Defendant has focused its argument on appeal on choice of law and priority questions, assuming that if it had a prior security interest in the Mercedes Benz, it has rights in the funds recovered by plaintiff upon plaintiff's enforcement of its allegedly junior security interest. While plaintiff has not addressed this point, we nonetheless decline to adopt defendant's assumption.
Our review of the case law suggests that, typically, questions of priority among security interests arise in the context of actions brought prior to Disposition of the collateral under either security interest. (See, e.g., Decatur Production Credit Association v. Murphy (1983), 119 Ill. App. 3d 277, 456 N.E.2d 267; Central National Bank v. Worden-Martin, Inc. (1980), 90 Ill. App. 3d 601, 413 N.E.2d 539.) The instant case, however, having arisen following the sale of the collateral by one of the secured parties, is governed by section 9-504 of the UCC (Ill. Rev. Stat. 1987, ch. 26, par. 9- 504), which sets forth the rules for distribution of the proceeds of such a sale. "[Notwithstanding] the regulation of security interests in motor vehicles by the Vehicle Code (Ill. Rev. Stat. ch. 95 1/2, §§ 3-201 through 3-210), the provisions of Part 5 of Article 9 govern the rights and remedies of both debtors and creditors upon default under motor vehicle security agreements." Ill. Ann. Stat., ch. 26, par. 9-501, Code Comment, at 318 (Smith-Hurd 1974).
We note that section 9-503 of the UCC provides that "[unless] otherwise agreed a secured party has on default the right to take possession of the collateral." (Ill. Rev. Stat. 1987, ch. 26, par. 9-503.) Section 9-504 of the UCC provides in part that "[a] secured party after default may sell, lease or otherwise dispose of any or all of the collateral." (Ill. Rev. Stat. 1987, ch. 26, par. 9-504(1).) Neither provision is limited by its language to the senior secured party. Plaintiff held a security interest which, even if unperfected as defendant asserts, was valid and enforceable against the debtor (see In re Estate of Yealick (1979), 69 Ill. App. 3d 353, 387 N.E.2d 399), and plaintiff was within its rights in repossessing and selling the Mercedes Benz.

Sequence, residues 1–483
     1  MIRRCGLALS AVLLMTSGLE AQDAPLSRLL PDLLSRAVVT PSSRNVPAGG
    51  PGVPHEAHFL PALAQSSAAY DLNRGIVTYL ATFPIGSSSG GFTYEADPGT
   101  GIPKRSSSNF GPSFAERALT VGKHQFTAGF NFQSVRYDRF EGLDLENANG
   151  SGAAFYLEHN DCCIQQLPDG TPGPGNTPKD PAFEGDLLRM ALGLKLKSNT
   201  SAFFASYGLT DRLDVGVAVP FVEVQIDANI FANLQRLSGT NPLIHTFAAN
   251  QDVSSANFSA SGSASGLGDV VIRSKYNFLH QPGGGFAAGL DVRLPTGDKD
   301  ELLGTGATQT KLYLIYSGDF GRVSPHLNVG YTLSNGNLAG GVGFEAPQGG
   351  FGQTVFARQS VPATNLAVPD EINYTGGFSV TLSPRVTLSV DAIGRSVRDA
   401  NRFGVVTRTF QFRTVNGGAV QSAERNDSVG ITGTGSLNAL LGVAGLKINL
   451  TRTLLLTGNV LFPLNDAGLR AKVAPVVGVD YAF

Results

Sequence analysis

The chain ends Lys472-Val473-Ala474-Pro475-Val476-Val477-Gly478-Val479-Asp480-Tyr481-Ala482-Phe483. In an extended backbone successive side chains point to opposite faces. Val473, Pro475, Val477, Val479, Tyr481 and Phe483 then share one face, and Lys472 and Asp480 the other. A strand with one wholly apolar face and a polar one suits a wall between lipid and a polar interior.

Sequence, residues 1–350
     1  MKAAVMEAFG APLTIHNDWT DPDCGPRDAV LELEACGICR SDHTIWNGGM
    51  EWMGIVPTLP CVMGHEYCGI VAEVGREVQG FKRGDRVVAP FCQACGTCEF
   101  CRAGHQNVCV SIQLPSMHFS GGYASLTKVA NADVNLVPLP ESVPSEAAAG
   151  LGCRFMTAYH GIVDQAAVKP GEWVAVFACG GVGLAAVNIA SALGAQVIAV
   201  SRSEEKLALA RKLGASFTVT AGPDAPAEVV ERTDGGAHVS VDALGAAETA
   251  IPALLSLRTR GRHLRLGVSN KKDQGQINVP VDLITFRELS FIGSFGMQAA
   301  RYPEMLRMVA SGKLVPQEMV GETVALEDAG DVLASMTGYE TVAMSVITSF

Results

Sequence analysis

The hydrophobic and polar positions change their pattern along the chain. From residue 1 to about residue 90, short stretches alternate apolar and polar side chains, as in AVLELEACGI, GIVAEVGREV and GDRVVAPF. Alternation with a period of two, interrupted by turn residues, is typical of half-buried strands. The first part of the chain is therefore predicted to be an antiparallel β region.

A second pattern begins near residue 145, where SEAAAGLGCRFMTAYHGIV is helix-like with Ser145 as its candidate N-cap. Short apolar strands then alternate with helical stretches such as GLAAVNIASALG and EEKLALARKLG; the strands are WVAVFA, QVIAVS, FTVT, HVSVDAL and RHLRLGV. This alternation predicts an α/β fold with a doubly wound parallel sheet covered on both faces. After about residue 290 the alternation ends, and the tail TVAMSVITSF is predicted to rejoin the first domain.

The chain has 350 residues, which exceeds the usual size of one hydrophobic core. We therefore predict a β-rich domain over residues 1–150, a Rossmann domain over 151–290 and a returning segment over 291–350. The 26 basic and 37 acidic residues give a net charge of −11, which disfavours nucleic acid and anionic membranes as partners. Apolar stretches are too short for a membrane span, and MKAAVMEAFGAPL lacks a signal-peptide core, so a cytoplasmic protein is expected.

Section 9 -- 504 further provides:
"The proceeds of Disposition shall be applied in the order following to
(a) the reasonable expenses of retaking, holding, preparing for sale or lease, selling, leasing and the like and, to the extent provided for in the agreement and not prohibited by law, the reasonable attorneys' fees and legal expenses incurred by the secured party;
(b) the satisfaction of indebtedness secured by the security interest under which the Disposition is made;
(c) the satisfaction of indebtedness secured by any subordinate security interest in the collateral if written notification of demand therefor is received before distribution of the proceeds is completed. If requested by the secured party, the holder of a subordinate security interest must seasonably furnish reasonable proof of his interest, and unless he does so, the secured party need not comply with his demand." (Ill. Rev. Stat. 1987, ch. 26, par. 9-504(1).)
Nothing in this section either requires or authorizes application of the proceeds in satisfaction of a senior security interest. (9 W. Hawkland, Uniform Commercial Code Series § 9-504:03, at 582 (1986).) The senior secured party retains his security interest, however, as the UCC only provides that Disposition of the collateral after default discharges the security interest under which the Disposition is made and any subordinate liens or security interests and a purchaser normally takes subject to the prior security interest. (Ill. Rev. Stat. 1987, ch. 26, par. 9-504; 9 W. Hawkland, Uniform Commercial Code Series § 9-504:03, at 582 (1986).) Thus, the UCC provides no right in a senior secured party to the proceeds from the Disposition of the collateral by the junior party under the circumstances here. We are not suggesting that, under the facts of this case, defendant has a right of action against the purchaser as the facts of the sale are not in this record, and we have merely assumed for purposes of argument that defendant's security interest had priority. No other theory, except priority, has been advanced by defendant which might entitle it to relief against plaintiff. We, therefore, conclude that under either Florida or Illinois law defendant has no right to the proceeds from plaintiff's sale of the Mercedes Benz.
Defendant further argues that this case is governed by the principle that as between two innocent parties, one of whom must sustain a loss occasioned by the wrongdoing of a third party, the loss is to be sustained by the party who could have prevented the loss and contends that plaintiff could have prevented any loss here by perfecting its security interest in Illinois. We need not resort to this general principle as the comprehensive provisions of article 9 of the UCC govern the rights of the parties in the instant case.
Summary judgment is appropriate where there is no genuine issue with respect to any material fact and the movant is entitled to judgment as a matter of law. (Ill. Rev. Stat. 1987, ch. 110, par. 2-1005(c); Puttman v. May Excavating Co. (1987), 118 Ill. 2d 107, 112, 514 N.E.2d 188.) Because this case involved no questions of material fact and plaintiff was entitled to judgment as a matter of law, we affirm the trial court's order granting plaintiff's motion for summary judgment.
The judgment of the circuit court is affirmed.